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On $S^{1}$ there are three choices for a vector pointed inward to the same angle at the tangent line at every point. The vector is either in the opposite direction as the normal, or to the left of it, or to the right of it. (clockwise, counterclockwise, and all inward)

I can skip $S^{2}$ because of the hairy ball theorem. What about $S^{3}$ and $S^{7}$? I know that they're both uncombable.

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I don't quite understand your question. What do you actually mean by vortices? Are you asking about how to classify non-vanishing vector fields on $S^3$ and $S^7$? –  Willie Wong Mar 7 '12 at 16:49
    
$S^3$, at least, is parallelizable. All 3-manifolds have trivial tangent bundles. –  Neal Mar 7 '12 at 16:49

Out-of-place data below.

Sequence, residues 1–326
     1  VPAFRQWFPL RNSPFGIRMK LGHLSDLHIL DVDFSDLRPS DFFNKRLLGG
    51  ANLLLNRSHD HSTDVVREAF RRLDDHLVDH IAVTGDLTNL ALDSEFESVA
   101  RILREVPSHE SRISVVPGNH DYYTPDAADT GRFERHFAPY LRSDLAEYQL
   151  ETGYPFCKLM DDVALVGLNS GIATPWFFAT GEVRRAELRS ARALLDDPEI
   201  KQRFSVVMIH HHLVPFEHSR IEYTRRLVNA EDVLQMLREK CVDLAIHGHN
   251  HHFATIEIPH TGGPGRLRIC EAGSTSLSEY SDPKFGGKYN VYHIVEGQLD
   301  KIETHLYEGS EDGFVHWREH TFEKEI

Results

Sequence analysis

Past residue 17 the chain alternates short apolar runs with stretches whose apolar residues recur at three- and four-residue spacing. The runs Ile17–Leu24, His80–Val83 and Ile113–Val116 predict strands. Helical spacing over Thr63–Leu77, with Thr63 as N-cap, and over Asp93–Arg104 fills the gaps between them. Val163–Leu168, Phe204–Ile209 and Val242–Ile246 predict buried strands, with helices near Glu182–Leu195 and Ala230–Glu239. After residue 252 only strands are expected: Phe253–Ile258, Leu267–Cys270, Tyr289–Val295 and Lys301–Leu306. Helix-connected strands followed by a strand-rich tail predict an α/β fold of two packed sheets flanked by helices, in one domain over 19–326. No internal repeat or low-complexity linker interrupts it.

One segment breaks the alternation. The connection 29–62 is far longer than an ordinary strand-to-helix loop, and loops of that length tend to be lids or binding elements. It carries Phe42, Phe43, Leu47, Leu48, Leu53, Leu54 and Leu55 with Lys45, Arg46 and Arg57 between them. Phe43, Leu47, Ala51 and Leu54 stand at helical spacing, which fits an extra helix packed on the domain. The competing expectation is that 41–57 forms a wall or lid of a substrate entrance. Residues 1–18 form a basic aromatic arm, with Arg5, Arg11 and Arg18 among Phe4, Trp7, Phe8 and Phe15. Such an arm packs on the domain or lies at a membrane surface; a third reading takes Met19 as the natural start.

@WillieWong: Nonvanishing vector fields on $S^{3}$ and $S^{7}$ such that the vector intersects the tangent hyperplane at the same angle throughout, yes. –  deoxygerbe Mar 7 '12 at 17:03
    
Are you considering $S^3$ and $S^7$ as subsets of $\mathbb{R}^4$ and $\mathbb{R}^8$, respectively? –  Neal Mar 7 '12 at 21:12
    
@Neal: I am, yes. –  deoxygerbe Mar 7 '12 at 22:16

1 Answer 1

I think what you want is this: 1) write points on the circle as $z=(x,y)$ or $x+iy$, working in the algebra of complex numbers, then the unit inward normal to the circle at point $z$ is $N=-z$, and the various (constant length) vectors pointing inward at constant angle to $N$ are $N+aiz=(-x-ay,-y+ax)$ for any real constant $a$, or positive multiples of that. What you called right and left of the inner normal correspond to $a$ positive and negative respectively.

2) Write points on the 3-sphere as $q=(w,x,y,z)$ or $w+ix+jy+kz$, working in the algebra of quaternions, then the unit inward normal to the 3-sphere at point $q$ is $N=-q$, and the constant length vectors pointing inward at constant angle to $N$ are $N+(ai+bj+ck)q$ for any real constants $a$, $b$, $c$, or positive multiples of that.

3) For the 7-sphere use the same type of construction with the octonian algebra.

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